Everyone living with mental illness deserves a place they can call home


Supported housing combines housing with support services to create a safe place to call home. However, too many people are not getting the quality of experience they deserve. Rethink Mental Illness Policy Manager, Harvey Crawford explores the findings of our new publication, delivered with New Philanthropy Capital.

The report, ‘The long journey home: understanding and improving the supported housing system for people living with mental illness’ aims to improve the supported housing system. 

The important role of supported housing 

It is challenging to maintain good mental health without a safe, stable and affordable place to call home. But for too many people living with a mental illness, this remains out of reach.  

Only 58% of people currently in contact with community mental health services live in stable and appropriate accommodation.  

This is why housing is a priority for Rethink Mental Illness. We work to improve this situation through our influencing and campaigning work, and our own services. 

Supported housing has a pivotal role to play in addressing this challenge. 

These settings can offer a safe environment in which people can: 

  • Recover following a mental health crisis and/or stay in hospital 
  • Receive support to manage mental and physical health issues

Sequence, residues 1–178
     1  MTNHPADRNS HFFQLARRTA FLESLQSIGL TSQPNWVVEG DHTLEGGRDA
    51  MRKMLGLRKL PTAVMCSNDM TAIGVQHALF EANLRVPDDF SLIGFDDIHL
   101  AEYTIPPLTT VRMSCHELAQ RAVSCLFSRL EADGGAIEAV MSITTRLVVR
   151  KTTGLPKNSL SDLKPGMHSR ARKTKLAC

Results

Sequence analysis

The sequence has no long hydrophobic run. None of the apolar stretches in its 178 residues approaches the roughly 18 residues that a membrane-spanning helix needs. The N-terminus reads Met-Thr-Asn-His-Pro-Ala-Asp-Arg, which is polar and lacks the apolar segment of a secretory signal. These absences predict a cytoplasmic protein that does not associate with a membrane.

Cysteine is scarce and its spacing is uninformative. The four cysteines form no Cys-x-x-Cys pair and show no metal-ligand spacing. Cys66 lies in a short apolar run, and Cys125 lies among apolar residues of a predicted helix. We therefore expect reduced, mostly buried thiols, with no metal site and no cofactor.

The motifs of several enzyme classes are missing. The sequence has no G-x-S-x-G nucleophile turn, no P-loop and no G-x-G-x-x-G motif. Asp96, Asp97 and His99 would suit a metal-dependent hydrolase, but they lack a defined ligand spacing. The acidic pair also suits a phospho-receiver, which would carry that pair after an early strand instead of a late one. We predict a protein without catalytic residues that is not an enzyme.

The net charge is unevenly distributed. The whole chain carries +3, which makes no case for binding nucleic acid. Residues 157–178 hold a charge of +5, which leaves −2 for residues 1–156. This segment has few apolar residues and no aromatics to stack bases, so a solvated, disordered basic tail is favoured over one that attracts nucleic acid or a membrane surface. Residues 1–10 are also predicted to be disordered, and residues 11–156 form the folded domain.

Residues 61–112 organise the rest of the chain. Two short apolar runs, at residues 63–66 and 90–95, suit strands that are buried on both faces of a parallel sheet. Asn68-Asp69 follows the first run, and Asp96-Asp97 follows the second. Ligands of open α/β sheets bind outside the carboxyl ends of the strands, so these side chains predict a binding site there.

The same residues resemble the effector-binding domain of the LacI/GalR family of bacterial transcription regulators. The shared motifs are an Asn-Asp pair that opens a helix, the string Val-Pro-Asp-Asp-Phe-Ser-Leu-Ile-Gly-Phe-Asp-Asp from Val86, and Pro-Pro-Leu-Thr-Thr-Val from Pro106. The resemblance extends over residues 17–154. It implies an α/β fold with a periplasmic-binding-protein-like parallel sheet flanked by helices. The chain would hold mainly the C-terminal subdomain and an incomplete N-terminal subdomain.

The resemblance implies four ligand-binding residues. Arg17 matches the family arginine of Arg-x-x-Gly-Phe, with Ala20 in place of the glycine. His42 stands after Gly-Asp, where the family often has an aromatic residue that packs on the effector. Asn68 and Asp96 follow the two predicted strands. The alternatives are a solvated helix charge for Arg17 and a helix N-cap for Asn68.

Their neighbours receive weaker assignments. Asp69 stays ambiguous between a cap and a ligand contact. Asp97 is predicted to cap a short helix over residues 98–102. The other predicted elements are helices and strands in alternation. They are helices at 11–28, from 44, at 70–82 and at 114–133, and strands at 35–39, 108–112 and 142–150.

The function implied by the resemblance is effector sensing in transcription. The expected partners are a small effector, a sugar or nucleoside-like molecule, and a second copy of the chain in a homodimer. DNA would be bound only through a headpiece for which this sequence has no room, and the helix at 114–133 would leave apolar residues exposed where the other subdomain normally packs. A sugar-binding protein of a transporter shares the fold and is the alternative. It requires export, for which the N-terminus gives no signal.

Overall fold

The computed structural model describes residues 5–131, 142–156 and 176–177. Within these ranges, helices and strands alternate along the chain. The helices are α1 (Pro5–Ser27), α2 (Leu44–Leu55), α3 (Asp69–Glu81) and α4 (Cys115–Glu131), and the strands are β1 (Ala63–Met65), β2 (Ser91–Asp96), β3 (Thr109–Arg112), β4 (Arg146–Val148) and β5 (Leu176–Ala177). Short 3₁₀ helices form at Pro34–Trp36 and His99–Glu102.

• Build their confidence 
  • Establish goals and develop skills that will help them to live more independently in their local community

The service has helped me to realise that it is plausible to navigate my own mental health care and manage my own home.

Resident in a Rethink Mental Illness supported accommodation service

Effective supported housing is a good thing for both people and society - reducing homelessness and helping people to leave hospital when they are ready.  

The National Housing Federation has calculated that these services save the public purse a massive £12k-15k per person per year. 

Poor experiences of supported housing 

Too many individuals are still having poor experiences during, before and after their time in supported housing. Many also struggle to access these services in the first place. 

We need to better understand these issues, so that we can be part of the solution. This is the basis for our new report, ‘The long journey home: understanding and improving the supported housing system for people living with mental illness’. 

The publication gets to grips with the challenges and barriers that people with severe mental illness face as they navigate these services, and their causes.  

It is based on a system model developed by our partners at New Philanthropy Capital. System models are a great tool for understanding the complexity of systems, such as the NHS, social care, and housing, and how these interact. 

Key findings: 

  • Too many people’s journey begins with a missed opportunity for prevention – unable to access supported, social or private-rented housing, mental health needs can escalate, sometimes resulting in an avoidable hospital stay.